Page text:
Applying Working Effectively With Legacy Code

Having recently read “Working Effectively With Legacy Code” (WEWLC) my work provided me the oppertunity to put it into practice. I had been handed a small program to maintain : it has a few issues that needed fixing. The product is written in VB.NET, uses a mixture of module level functions and classes to acheive it’s aims. There is no clear design or documentation and it relies upon COM calls to an external API of a product that I do not have a licence for (and it would be expensive to obtain). It had no unit test coverage. By all definitions this is Legacy code.

To be fair the application did have a set of wrapper functions that were used to access the API.
The first stage was to put these methods into a class and use “Lean On The Compiler” to find where to create the class. Having done so I was able to add some methods to the class so that it provided a better abtraction from the COM API (the same three COM calls were being made in sequence across the App). Once I had these I was able to reduce a fair amount of duplication.

Having extracted a class that access the COM API (which I could not yet unit test) I was able to perform “Extract Interface”. Given that COM API’s are extensively interfaces they are very easy to mock (except that the interfaces are execisive wide). By mocking one of the COM interfaces I was able to re-implement the extracted interface. This finally allowed me to get some of the application under NUnit.

Eventually the bug turned out to be in the data access code – there was a remove method with an optional second parameter. The second parameter controls whether to remove the item from the underlying database.

By using the techniques in WEWLC I was able to get an unwieldy application at least partially under unit test. However I was not quite able to meet the stringent requirements of unit tests taking less than 0.01 seconds. In addition the policy of not touching the database in the unit test meant that I had not been able to find the given bug directly. I had managed to prove that the method that called it was otherwise working.

I can see WEWLC becoming a classic along the lines of Refactoring.
It provides the answers to the questions that would prevent most people from attempting to get their code under a test harness and thereby allows TDD to be used on non-greenfield projects.

Unit testing stored procedures

Here is a xUnit suite for stored procedures in SQL Server.

Here is the version for Oracle

This is a slight pain having two suites for the various databases.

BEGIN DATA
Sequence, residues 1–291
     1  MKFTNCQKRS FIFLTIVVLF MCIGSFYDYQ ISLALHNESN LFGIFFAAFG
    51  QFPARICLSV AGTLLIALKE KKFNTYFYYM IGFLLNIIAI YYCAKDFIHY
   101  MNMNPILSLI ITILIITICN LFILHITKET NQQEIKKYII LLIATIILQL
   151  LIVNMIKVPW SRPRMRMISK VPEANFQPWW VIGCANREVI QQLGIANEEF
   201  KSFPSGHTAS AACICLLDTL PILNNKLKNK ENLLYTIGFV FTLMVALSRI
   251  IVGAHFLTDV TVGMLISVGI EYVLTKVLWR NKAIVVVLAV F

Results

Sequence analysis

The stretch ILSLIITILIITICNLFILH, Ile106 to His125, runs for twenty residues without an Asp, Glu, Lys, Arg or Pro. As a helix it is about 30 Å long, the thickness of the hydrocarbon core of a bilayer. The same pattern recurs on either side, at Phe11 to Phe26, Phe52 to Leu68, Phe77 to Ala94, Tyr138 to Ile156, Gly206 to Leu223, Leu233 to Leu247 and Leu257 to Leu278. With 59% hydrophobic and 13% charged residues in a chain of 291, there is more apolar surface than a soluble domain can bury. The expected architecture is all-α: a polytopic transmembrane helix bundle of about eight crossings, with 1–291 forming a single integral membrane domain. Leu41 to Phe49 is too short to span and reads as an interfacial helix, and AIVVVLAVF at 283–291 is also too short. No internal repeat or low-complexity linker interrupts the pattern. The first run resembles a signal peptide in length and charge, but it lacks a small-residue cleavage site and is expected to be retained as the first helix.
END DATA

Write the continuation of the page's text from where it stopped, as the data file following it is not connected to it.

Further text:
I am not sure what the author of “Working Effectively WIth Legacy Code” would make of these.
His definition of a unit test involves not touching a database – which would make this difficult.

Real World Unit Tests

Theoretically all of your code should be covered by unit tests (although it is common to ignore simple properties). For help with this see NCover hopefully this will soon get a VS.NET addin.

If you are really lucky you are working on a greenfield project that has clear static requirements, a simple yet detailed design document, a full set of acceptance tests and plenty of time to write the unit tests. However in the real world you don’t have any of these.

Typically you will have an existing code base, some of which is covered by unit tests and the others not.

You need to prioritise where to write the unit tests.

Carefully constructed tests can excercise a large part of the system in a few tests.
For example if you use a Facade to import data into the system (considered an atomic step, but actually exercising a lot of validation, parsing and persistance code) you can exercise the most frequently used 25% of the system in a handfull of tests.

If a test fails you can use other smaller more detailed tests to narrow down the error.
The only downside to this is that a single error in a fundamental system can cause hundreds of failures.

If one area of the system has failed frequently over a number of builds then it is an obvious target for some new unit tests.

If any area of the system includes scripting, dynamic sql  or stored procedures they need to be called at least once by the unit tests. This will excercise the database creation script during either the build process or by the Continous Integration server (You do create a new database as part of your build process don’t you?). Anything that is not checked by the compiler is ripe for typos to cause havoc. Stored procedures are great – when compiled they report certain errors (the sql does not make sense) however they can ignore the fact that tables or fields do not exist.

Tests need to be fragile with respect to the functionality tested, but be immune to minor changes in call symantics. This is where some simplifying Facades really help – they isolate the test code from change, encourage reuse, make the test code easier to read and can provide ideal debugging fodder (either after the test has been run or set breakpoints and run a single test).